Understanding the Liability Risk of SMB Cyberattacks

Jeff Dotzler
Author: Jeff Dotzler Date: 09/19/2017

The recently disclosed Equifax cybersecurity breach is just another in a long list of epic cyberattacks. Equifax is a powerhouse in the financing industry and helps determine an individual’s all-important credit score. Determining that score requires access to highly confidential personal data including Social Security numbers, birth dates, addresses, credit card information and even driver's license numbers.

As many as 143 million people in the U.S. had this type of personal information compromised in the Equifax cyberattack alone, meaning the hackers likely have enough information to create new accounts in those people’s names.

While the company is taking measures to protect its customers going forward and providing a free year of credit monitoring, Equifax is still suffering a significant financial blow with its value dropping a staggering $4 billion so far. While the company’s insurer will help mitigate some of its losses — with many more likely to come from class action lawsuits — most experts agree its insurance policy is inadequate to cover the costs. What’s hard to attach a dollar figure to is its tarnished reputation and the costs associated with regaining trust in the marketplace.

Is My SMB at Risk of a Data Breach?

Many small and medium-size business (SMB) owners will often suggest that they’re at lesser risk than many of the behemoth companies. “Why would a hacker want to target my small company when there’s bigger, more valuable data out there?”

Truth is, nearly half (43%) of all cyberattacks target small businesses. Why? Most hackers have full knowledge that most SMBs have inadequate data security measures in place. Limited resources and access to knowledgeable IT personnel often make smaller companies an ideal target. In short, SMBs are easy pickings.

Are Companies Liable for Security Breaches?

When a customer entrusts your company with his or her personal information, the company is responsible for any failure to maintain confidentiality of that data. Not only that, but your company would also be liable if a vendor that handles the data suffers a breach. You’ll be required to take on the expenses of customer notifications as required by law, governmental investigations, penalties and any legal action taken by those affected. 

When choosing vendors that may have access to your customer information, be sure to assess the ability of each to handle sensitive data, and insist on a data security policy, response plan and disaster recovery plan. 

Companies should also consider purchasing cyber security liability insurance. If a leak does occur, it can help with recovery costs and keep your business running. Some insurers even have resources and risk managers that can provide training and help mitigate the risks.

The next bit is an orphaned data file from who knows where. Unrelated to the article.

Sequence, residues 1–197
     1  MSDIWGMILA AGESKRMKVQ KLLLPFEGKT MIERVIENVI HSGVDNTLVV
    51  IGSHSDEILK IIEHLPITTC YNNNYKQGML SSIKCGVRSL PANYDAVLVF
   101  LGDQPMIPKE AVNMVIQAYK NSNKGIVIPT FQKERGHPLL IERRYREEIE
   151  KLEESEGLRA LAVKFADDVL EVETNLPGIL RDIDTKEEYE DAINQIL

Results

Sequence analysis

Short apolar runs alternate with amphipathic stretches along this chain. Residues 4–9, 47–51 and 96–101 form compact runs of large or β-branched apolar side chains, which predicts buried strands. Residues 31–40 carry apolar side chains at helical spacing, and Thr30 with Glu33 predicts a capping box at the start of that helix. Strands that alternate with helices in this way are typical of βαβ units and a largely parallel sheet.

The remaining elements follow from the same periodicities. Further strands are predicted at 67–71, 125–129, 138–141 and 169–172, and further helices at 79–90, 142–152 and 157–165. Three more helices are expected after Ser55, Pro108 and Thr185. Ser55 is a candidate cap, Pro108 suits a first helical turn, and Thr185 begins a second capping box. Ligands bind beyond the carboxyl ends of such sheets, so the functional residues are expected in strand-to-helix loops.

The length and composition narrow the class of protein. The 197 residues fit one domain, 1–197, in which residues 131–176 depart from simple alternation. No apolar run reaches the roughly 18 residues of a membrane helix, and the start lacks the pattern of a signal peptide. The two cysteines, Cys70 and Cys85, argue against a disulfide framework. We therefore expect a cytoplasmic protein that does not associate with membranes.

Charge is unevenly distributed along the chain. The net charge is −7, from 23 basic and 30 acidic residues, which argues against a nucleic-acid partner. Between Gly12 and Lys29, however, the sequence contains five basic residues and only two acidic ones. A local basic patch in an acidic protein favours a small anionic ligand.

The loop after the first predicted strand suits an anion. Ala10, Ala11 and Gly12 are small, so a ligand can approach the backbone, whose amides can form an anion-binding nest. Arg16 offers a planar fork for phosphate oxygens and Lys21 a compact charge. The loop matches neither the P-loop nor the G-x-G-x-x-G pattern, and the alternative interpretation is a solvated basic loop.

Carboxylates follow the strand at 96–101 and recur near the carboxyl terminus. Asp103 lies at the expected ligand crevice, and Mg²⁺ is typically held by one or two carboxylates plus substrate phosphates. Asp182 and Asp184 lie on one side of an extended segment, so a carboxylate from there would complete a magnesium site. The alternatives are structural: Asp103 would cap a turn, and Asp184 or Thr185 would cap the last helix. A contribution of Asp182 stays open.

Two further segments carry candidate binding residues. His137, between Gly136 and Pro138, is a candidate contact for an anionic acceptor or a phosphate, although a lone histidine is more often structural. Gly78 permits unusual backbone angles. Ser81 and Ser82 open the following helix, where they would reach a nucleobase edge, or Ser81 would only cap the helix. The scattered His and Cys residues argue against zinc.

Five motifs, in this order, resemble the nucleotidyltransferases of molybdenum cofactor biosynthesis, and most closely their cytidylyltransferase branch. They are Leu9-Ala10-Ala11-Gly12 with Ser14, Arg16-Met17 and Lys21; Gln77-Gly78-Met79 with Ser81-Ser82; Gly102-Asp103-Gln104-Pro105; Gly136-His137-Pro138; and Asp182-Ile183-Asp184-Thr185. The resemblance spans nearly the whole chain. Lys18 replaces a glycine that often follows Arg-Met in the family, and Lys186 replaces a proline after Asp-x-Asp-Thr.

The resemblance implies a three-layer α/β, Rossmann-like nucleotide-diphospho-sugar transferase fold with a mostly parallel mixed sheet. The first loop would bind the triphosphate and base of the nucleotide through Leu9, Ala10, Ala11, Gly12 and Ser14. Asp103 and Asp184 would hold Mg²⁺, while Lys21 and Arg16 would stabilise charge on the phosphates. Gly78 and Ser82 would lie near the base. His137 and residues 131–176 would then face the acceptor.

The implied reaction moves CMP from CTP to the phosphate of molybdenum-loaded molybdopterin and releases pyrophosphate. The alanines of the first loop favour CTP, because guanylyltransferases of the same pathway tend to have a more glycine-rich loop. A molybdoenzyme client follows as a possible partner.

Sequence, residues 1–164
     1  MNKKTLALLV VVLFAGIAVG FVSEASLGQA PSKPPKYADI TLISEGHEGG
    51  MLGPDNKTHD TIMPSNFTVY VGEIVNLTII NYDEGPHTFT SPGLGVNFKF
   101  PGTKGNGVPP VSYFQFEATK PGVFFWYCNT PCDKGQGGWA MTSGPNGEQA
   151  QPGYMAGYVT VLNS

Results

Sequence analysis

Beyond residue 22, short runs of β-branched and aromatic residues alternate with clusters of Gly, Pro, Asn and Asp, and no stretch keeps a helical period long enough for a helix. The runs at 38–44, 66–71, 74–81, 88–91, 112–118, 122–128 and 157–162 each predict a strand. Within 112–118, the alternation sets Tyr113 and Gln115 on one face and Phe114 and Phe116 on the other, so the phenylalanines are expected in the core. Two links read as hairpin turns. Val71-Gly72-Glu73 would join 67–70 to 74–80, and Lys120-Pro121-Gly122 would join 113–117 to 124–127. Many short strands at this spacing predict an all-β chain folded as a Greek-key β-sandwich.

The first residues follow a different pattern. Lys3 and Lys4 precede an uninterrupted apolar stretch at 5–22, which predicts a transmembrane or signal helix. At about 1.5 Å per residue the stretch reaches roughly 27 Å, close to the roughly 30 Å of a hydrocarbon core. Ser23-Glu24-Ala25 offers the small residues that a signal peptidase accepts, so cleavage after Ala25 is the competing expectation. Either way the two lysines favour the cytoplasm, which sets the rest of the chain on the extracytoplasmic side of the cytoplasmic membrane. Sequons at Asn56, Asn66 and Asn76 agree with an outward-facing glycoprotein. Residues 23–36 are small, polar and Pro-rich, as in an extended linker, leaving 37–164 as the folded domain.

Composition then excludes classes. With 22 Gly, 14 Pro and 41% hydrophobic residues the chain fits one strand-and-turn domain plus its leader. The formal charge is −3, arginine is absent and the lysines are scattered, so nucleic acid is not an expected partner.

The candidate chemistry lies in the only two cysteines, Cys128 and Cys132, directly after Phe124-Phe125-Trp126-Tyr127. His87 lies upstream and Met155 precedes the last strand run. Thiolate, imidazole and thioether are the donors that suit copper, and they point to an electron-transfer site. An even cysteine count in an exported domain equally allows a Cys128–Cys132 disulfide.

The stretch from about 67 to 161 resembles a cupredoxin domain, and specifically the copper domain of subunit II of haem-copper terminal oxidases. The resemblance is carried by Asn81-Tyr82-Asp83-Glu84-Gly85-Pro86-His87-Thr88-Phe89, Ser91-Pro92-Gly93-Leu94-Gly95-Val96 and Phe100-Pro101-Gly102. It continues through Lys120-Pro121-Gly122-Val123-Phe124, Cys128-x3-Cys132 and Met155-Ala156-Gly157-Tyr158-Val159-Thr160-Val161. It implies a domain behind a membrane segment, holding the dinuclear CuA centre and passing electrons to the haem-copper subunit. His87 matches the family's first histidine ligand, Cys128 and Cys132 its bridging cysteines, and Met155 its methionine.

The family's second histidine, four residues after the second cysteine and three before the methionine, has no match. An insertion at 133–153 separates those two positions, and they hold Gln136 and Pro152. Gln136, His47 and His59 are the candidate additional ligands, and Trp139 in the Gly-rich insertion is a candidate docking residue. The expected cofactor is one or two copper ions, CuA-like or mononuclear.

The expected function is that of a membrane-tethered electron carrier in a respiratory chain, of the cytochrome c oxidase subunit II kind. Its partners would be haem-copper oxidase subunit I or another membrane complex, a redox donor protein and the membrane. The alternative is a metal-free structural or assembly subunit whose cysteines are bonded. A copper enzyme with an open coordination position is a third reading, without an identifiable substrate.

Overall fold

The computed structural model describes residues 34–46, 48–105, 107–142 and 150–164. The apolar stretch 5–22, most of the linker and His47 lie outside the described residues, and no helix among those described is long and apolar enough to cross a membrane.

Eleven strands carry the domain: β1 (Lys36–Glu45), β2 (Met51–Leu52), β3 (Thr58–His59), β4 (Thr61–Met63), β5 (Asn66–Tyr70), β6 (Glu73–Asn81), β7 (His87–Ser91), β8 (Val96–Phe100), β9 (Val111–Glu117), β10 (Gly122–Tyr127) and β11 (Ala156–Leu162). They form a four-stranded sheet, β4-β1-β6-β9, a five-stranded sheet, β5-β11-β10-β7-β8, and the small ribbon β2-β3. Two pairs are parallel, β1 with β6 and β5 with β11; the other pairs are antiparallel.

What Can My SMB Do to Prevent a Cyberattack?

As many as 50% of small businesses reported experiencing a data breach involving customer or employee data in the last year. It emphasizes the importance of recognizing potential risk factors that make your company vulnerable. Some fixes are simpler than others, such as making sure passwords and Wi-Fi networks are secure. Others require a more robust approach that requires deeper technological expertise, including data encryption, software patches, upgrades and firewalls. Enlisting the help of a Managed IT provider is a critical tool in addressing security concerns, and it can help position your company with the most effective solutions possible.

Even with the latest technology, however, employees who mistakenly click on suspicious email links or accidentally expose data are the #1 access point for hackers. Cybercriminals find it much easier to hack an employee than technology. The first step in ensuring your data stays secure is providing training for employees, yet statistics show that one-quarter of all U.S. employees received no cybersecurity training whatsoever in the past year, and only 45% spent 30 minutes or less on training, according to a Willis Towers Watson’s Cyber Pulse Survey.

Have you provided training for your employees? We’ve developed a helpful infographic that provides important tips for safeguarding your data. Be sure to click the graphic below to get your free copy and share it with employees. And reach out to us for a free, no-obligation consultation to assess your needs and help protect your business from the increasing threat of cybercrime.

Cybersecurity Tips For Employees

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Written by Jeff Dotzler

Jeff has been with the Gordon Flesch Company for nearly 20 years, starting as a Sales Representative and working his way up to where he serves now as Director of our GFConsulting Group. He oversees a team that precisely aligns strategy and technology to help move customers’ businesses forward.

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